The Other MM

In tomorrow’s (Wednesday) New York Times, a lengthy story in the food section about the trend toward molecular mixology. If you’re new to the idea, that’s the whole approach to using the magic of modern chemistry to convert cocktail ingredients into foams, jellies, beads, etc., in the pursuit of a more interesting drink.

While I’m typically skeptical of stuff like this, viewing it as 90 percent gimmick, the geek in me is kind of awed at the things being created; and, as much of this work is being done at restaurants and bars that take cuisine seriously, some of the ingredients and flavors that are being put together are pretty respectable — and, in my view, anything that gets people to try more adventurous drinks than a simple cosmo or a vodka martini can’t be all bad. (The story also gets in a sideways dig at vodka and Red Bull, and that’s nice to see in a pub like the NYT).

Read it here (registration required): Two Parts Vodka, a Twist of Science

5 Responses to The Other MM

  1. I do agree with you on the fact that MM is gimmicky, but I can personally vouch for the foams (a drink class that I’ve dubbed “Clouds”). They are visually appealing, easy to make, and are a great stepping stone from Cosmo to Manhattan. My Georgetown Cloud has taken more than one Cosmo drinker aback when I explain that if you were to take away my peach bitters foam, they would essentially be left with a Bourbon Manhattan (I use Cinzanno Orancio instead of Cinzanno Rosso). Anything I can do to take the trainng wheels off of their vodka bicycle….

  2. […] I see a few others have already posted about this article, and the topic of molecular mixology, and the opinions are quite varied. Some view it as gimmicky or just for show, while others really embrace the crazy things you can do with a few chemcials and some time. Such innovations, good or bad, can only be good for a budding community. […]

  3. Molecular Mixology is interesting. I like the idea of bringing science to cocktails, but a lot of what is going on isn’t really scientic so much as trying unique things with scientific tools. Some ideas work out well, like the foams which are cool, but gin flavoured jello? I suppose someone, somewhere will like it.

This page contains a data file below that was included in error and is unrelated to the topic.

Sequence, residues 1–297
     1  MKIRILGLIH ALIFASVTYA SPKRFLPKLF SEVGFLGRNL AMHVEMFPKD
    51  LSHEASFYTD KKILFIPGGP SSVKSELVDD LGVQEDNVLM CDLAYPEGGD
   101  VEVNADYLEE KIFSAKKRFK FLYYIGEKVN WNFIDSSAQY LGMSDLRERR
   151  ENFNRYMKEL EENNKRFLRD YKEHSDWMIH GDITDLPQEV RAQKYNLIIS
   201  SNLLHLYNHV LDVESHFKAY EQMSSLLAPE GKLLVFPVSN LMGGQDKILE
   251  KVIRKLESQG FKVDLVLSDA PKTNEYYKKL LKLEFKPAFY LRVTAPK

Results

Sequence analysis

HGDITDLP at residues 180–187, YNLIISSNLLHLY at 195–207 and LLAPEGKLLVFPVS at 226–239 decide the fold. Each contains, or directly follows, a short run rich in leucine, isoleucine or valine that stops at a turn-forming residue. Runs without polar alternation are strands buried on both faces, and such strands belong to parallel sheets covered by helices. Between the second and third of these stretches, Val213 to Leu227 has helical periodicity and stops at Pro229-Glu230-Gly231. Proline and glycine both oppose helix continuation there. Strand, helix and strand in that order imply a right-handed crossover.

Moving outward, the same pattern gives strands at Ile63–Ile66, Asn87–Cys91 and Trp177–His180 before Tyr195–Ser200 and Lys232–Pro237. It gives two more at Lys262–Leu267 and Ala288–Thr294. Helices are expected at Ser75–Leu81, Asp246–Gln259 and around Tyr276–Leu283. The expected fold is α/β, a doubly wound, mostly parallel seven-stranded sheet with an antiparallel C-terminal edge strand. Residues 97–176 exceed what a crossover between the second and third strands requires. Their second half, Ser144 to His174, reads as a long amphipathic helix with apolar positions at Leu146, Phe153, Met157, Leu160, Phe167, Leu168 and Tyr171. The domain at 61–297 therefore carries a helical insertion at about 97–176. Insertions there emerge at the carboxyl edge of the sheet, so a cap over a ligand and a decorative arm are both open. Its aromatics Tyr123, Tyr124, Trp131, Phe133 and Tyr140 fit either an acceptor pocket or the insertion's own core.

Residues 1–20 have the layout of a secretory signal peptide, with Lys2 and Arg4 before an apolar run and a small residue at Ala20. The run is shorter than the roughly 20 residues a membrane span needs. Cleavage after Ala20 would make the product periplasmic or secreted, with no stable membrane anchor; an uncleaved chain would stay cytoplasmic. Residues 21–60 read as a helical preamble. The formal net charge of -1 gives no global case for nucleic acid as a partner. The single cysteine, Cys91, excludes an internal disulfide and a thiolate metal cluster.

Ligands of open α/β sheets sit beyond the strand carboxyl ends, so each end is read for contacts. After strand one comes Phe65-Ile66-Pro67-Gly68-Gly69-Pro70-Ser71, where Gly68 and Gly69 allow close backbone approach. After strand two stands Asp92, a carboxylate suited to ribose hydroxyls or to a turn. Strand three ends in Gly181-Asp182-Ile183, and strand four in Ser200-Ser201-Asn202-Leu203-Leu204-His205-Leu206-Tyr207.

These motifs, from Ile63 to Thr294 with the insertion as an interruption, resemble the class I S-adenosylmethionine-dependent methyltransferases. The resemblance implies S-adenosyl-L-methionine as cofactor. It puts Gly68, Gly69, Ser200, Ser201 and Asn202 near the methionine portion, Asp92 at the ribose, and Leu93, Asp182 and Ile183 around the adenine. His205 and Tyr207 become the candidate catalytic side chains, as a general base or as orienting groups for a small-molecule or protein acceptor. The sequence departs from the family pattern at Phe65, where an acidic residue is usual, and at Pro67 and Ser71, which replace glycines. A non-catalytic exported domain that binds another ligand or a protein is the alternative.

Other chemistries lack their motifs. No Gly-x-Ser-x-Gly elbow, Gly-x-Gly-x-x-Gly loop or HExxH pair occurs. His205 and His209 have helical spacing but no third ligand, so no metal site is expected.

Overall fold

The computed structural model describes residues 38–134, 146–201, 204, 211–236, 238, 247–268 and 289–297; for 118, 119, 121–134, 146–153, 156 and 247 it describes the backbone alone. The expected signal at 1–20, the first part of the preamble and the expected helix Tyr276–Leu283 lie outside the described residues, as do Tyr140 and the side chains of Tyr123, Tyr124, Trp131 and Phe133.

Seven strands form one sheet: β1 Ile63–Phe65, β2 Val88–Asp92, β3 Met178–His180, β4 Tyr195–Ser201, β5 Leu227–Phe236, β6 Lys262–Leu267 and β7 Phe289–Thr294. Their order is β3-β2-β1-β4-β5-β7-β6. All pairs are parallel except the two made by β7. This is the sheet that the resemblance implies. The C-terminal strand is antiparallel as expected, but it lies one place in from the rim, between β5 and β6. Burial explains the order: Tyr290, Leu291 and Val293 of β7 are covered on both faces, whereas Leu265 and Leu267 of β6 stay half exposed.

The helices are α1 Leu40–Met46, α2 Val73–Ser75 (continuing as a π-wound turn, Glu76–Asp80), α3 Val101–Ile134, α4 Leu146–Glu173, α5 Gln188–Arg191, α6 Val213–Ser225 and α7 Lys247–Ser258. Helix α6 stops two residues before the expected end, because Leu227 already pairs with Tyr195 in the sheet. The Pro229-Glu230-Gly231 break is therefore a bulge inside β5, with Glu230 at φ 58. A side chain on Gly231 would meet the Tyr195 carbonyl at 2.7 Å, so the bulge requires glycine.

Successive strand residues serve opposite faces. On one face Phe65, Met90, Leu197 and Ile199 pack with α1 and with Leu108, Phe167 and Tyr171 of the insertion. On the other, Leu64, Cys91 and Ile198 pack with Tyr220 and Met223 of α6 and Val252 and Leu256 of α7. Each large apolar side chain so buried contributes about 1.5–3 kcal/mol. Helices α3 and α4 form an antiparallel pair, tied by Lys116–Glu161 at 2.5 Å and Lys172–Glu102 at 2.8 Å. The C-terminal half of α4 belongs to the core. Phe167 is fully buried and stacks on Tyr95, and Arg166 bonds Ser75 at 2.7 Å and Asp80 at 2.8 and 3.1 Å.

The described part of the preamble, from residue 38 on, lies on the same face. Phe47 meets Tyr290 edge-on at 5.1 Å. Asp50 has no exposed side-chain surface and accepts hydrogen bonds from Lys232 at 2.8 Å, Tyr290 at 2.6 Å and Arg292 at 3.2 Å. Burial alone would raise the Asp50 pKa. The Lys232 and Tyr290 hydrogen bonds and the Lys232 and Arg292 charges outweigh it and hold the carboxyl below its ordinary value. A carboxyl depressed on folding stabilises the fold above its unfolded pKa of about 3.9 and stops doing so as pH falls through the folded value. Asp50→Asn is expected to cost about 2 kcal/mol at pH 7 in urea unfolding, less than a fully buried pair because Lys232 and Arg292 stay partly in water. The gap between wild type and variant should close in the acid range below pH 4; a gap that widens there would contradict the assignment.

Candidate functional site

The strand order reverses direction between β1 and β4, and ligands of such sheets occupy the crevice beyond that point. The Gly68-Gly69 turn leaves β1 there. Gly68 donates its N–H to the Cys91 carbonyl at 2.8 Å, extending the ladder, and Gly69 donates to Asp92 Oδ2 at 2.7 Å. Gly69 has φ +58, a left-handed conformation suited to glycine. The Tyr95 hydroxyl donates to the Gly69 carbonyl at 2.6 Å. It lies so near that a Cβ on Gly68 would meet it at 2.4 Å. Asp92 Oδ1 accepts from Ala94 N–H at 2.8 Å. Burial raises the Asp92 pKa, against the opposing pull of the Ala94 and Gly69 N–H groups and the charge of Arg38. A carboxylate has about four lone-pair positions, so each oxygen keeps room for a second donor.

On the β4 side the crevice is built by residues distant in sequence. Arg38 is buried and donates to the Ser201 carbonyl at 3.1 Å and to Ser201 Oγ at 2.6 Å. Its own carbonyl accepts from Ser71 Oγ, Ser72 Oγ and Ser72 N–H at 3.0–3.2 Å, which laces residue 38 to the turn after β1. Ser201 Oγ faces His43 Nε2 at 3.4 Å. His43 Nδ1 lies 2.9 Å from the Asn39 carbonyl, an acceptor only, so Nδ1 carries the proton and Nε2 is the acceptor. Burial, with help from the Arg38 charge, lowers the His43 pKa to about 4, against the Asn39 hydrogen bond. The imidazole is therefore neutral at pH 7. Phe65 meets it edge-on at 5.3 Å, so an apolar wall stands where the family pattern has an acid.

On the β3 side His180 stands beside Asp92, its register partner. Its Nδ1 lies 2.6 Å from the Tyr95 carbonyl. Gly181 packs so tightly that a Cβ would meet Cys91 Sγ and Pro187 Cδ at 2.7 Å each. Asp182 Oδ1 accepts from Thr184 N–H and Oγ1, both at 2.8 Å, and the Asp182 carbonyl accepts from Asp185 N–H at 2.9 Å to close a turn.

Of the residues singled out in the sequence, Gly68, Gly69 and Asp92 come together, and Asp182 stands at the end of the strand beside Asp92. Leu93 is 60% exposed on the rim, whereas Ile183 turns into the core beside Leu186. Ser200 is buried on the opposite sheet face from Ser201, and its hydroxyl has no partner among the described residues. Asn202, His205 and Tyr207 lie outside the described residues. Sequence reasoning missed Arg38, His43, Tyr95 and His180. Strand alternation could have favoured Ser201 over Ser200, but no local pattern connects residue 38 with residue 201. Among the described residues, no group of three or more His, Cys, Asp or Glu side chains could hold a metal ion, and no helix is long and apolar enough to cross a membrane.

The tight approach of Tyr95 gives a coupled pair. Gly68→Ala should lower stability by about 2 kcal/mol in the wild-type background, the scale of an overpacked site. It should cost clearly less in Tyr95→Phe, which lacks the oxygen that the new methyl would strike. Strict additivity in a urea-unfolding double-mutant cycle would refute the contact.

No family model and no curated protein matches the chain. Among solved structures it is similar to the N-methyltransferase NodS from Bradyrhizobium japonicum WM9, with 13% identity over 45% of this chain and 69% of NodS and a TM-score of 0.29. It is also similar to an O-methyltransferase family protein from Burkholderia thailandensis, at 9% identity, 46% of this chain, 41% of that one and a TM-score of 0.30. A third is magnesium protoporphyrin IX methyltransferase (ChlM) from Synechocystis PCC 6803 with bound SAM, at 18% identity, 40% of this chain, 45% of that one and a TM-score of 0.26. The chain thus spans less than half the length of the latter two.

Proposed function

For true molecular mixology, and this is something I’m working on, you need to modify the molecules in the drink to do something cool. For example, having a drink change colour while you drink it. When you serve it, it’s blue, two minutes later it is purple and then a few minutes later it’s green. Novelty item yes, but sometimes cocktails are just there to start a conversation and what better way to do it than with a little magic, I mean chemistry.

  4. I’d spotted the Georgetown Cloud on Jamie’s website, and I’m impressed to hear that it helps get customers to experiment a little.

    As I said in my post, I’m typically skeptical of stuff like this, as it’s ripe for gimmicky huckstering, but there are bartenders out there who are intent on using the technology to create something that doesn’t just look, feel and seem cool, but has a firm culinary-cocktail base as well. There will always be resistance to changing things that don’t really need to be changed, especially among purists such as me, but I think as long as we keep it in perspective that this is one extension or component of the mixological arts, molecular mixology could prove to have some interesting long-term results. As Dave Wondrich says in the NYT article, “I think it needs time to filter into what is doable, what is satisfying and what is just for show.”

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